After mutilating the body of Mrs. Wong with the hatchet, Leung Ying eventually escaped in an automobile owned by Wong Gee. In less than 20 minutes he had killed or fatally wounded eleven people.[8][9] The next day, after abandoning his car and rifle, Ying was captured by police, while sleeping in a tank house near the Empire mine in Grass Valley. He was taken to Nevada City, where he was held until the arrival of the Fairfield authorities.[2][10]


  • Wong E. Gee
  • Mrs. Wong Gee
  • Nellie Wong, 15, daughter of Wong Gee
  • Johnnie Wong, 4, son of Wong Gee
  • Willie Wong, 3, son of Wong Gee
  • Unnamed infant, 2 weeks old, child of Wong Gee
  • Wong Hueng, 56, brother of Wong Gee
  • Wa Wey, 40
  • Low Shek, 61
  • Yeung Soon, 40
  • Cheung Yueng, 64


During his interrogation Ying readily admitted to having committed the murders, and stated that he had seen the police officers trailing him during the night, and, although he had the opportunity to shoot them at any time, he refrained from doing so, because he feared he would be hanged, if he killed a white man. Asked for the motive behind his rampage, Ying initially recited the story of his love for a Chinese girl and the disapproval of this relationship by her family. Furthermore, he stated that the Wong Gee family tried to kill him with poisoned food, so he killed them first,[4][11] while he later told that incessant teasing had pushed him to commit the murders.[12] He also expressed his admiration for Californian criminals Joe Tanko and Floyd Hall, saying: "I just like Tanko and Hall – very, very sick."[3]

The night after his arrest Leung Ying attempted to commit suicide by hanging himself with a blanket. After this attempt was foiled by prison guards he spent the night beating his head against the floor and walls, crying for narcotics.[13] The next day, on August 24, Leung was arraigned at the Superior Court in Suisun City, where again he admitted committing the murders, stating he wished he had the opportunity to kill half a dozen more.[14]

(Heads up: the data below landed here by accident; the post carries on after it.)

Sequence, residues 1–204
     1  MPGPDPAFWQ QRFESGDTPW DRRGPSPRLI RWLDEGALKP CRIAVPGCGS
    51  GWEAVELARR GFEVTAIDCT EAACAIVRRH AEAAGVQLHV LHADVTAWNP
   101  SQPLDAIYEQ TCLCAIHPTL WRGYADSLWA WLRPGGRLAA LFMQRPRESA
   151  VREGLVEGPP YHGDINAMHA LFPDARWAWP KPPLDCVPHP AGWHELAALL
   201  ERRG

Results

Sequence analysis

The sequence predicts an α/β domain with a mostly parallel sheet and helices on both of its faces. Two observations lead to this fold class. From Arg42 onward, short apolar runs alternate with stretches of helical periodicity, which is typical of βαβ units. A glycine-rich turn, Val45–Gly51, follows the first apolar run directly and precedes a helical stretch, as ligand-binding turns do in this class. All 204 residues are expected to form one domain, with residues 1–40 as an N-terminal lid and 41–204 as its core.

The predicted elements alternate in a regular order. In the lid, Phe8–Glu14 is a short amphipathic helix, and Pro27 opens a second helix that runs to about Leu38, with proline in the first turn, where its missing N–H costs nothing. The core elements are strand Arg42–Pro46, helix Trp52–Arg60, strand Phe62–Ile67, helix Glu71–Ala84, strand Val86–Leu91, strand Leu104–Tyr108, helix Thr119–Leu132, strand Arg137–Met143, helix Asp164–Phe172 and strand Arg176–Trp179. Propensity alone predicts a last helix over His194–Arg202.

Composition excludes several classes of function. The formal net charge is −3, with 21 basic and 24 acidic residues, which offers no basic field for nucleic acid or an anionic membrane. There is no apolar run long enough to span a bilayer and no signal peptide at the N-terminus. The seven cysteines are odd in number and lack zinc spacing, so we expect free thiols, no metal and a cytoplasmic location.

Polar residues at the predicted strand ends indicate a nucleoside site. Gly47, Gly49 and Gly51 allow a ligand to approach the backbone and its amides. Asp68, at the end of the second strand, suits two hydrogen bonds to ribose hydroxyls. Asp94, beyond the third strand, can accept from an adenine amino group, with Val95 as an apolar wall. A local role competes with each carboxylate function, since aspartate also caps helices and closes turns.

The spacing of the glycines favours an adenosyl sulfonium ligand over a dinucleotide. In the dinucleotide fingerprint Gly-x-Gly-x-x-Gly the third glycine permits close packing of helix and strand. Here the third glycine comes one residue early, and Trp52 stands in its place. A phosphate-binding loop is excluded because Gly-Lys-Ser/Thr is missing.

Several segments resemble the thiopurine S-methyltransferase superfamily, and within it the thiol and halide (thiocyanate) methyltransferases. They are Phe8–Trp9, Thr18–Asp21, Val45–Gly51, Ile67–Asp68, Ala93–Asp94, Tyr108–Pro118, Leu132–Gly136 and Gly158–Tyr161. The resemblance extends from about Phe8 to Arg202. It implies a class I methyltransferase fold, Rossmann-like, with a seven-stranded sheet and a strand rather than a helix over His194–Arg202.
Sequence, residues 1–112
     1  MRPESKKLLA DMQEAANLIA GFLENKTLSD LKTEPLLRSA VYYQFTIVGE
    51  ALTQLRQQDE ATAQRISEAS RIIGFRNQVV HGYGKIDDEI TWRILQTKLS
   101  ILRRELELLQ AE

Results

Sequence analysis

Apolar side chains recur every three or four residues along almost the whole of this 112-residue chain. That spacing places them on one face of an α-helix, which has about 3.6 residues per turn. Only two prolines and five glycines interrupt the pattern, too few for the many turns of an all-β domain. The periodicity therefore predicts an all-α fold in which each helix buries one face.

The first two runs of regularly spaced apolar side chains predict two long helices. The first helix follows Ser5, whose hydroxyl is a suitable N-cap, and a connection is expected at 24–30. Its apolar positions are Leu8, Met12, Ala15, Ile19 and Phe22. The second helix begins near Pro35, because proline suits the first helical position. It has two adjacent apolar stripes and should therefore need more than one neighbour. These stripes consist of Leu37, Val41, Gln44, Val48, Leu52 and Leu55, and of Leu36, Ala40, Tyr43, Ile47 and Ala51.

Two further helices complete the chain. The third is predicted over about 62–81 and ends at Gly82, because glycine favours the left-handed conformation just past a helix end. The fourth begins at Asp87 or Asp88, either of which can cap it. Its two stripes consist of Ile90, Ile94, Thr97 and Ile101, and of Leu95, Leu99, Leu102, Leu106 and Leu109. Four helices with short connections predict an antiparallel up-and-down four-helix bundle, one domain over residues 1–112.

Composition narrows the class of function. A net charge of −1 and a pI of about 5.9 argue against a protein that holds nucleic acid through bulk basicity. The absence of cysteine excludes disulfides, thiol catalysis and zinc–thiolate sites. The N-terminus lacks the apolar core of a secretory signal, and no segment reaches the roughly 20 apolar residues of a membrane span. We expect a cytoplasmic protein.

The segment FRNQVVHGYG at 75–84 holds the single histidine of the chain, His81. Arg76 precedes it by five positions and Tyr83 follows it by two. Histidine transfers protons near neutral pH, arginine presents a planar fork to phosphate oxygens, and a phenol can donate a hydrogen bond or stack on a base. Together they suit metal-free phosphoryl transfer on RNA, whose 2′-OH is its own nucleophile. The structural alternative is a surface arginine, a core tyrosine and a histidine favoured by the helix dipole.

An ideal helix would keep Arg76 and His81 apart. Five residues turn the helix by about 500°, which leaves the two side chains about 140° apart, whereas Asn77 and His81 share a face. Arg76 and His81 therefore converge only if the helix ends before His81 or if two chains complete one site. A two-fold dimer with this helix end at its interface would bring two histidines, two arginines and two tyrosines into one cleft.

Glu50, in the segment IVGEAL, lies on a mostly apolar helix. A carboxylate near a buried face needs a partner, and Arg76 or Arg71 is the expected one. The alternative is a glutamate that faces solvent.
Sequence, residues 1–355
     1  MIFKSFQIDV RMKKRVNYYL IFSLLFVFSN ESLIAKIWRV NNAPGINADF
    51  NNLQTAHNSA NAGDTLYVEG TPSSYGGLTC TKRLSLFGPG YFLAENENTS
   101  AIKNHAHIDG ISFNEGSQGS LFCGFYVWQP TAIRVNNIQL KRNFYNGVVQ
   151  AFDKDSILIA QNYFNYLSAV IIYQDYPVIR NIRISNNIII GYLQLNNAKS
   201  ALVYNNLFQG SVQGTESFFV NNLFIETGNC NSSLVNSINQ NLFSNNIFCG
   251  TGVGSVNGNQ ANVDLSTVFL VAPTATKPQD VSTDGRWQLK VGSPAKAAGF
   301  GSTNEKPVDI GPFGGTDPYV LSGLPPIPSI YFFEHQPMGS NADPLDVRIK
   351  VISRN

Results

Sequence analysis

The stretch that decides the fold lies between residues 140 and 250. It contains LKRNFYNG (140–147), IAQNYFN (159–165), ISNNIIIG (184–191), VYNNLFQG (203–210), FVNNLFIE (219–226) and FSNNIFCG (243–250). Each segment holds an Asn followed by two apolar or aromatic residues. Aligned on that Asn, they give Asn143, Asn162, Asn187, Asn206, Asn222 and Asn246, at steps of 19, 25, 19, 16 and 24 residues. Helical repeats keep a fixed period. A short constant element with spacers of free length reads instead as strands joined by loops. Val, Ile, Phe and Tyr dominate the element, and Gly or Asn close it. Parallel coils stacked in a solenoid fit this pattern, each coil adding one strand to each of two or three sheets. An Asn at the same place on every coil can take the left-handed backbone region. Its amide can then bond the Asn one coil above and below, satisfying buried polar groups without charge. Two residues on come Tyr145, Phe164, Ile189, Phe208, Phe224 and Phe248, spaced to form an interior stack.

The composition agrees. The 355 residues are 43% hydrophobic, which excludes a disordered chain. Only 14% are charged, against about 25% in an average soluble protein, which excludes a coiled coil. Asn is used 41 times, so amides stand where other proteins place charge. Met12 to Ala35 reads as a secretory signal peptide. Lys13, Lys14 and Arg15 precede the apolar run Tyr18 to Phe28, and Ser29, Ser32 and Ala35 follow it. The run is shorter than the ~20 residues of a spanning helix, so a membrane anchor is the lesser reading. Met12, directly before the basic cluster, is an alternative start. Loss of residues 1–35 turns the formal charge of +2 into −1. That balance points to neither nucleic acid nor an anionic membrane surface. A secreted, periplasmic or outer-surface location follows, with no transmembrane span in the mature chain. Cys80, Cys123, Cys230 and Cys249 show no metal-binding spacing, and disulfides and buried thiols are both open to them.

After pleading guilty, Ying was sentenced to death by hanging on August 31, 1928. His execution was to take place on November 9 of the same year.[15]

On October 22, 1928, between 9 p.m. and 11 p.m., Leung Ying committed suicide in his prison cell in San Quentin Prison by hanging himself with a towel.[16][17]


  1. ^ a b c d e f Slayer of 10 captured at Grass Valley, Oakland Tribune (August 23, 1928)
  2. ^ a b c d Dope was cause of sad deed, San Jose News (August 23, 1928)
  3. ^ a b Romance and drugs inspired killings, The Palm Beach Post (August 24, 1928)
  4. ^ a b Confesses killing 10, Woodland Daily Democrat (August 23, 1928)
  5. ^ Nine Chinese slain, six wounded when cook runs amuck, The Bakersfield Californian (August 22, 1928)
  6. ^ Eleventh victim of Chinese dies, San Jose News (August 27, 1928)
  7. ^ 10 killed as Chinese maniac spreads terror in Fairfield, Woodland Daily Democrat (August 22, 1928)
  8. ^ Chinese family shot down by Tong murderer, The Oxnard Daily Courier (August 22, 1928)
  9. ^ Ten killed by ranch cook, The Beaver Daily Times (August 23, 1928)
  10. ^ Slayer of ten found hiding in hen house, Ellensburg Daily Record (August 23, 1928)
  11. ^ Chinese slayer of ten admits crimes; won't give motive, The Danville Bee (August 24, 1928)
  12. ^ Waters, Tony: When killing is a crime; Lynne Rienner Publishers Inc, 2007. ISBN 978-1-58826-514-2
  13. ^ Killer foiled in suicide try, San Jose News (August 24, 1928)
  14. ^ Wanted to kill more, The Montreal Gazette (August 25, 1928)
  15. ^ Will hang slayer..., Sandusky Star-Journal (September 1, 1928)
  16. ^ Cellmate raises no cry, San Jose News (October 23, 1928)
  17. ^ Chinese salyer kills self, Woodland Daily Democrat (October 23, 1928)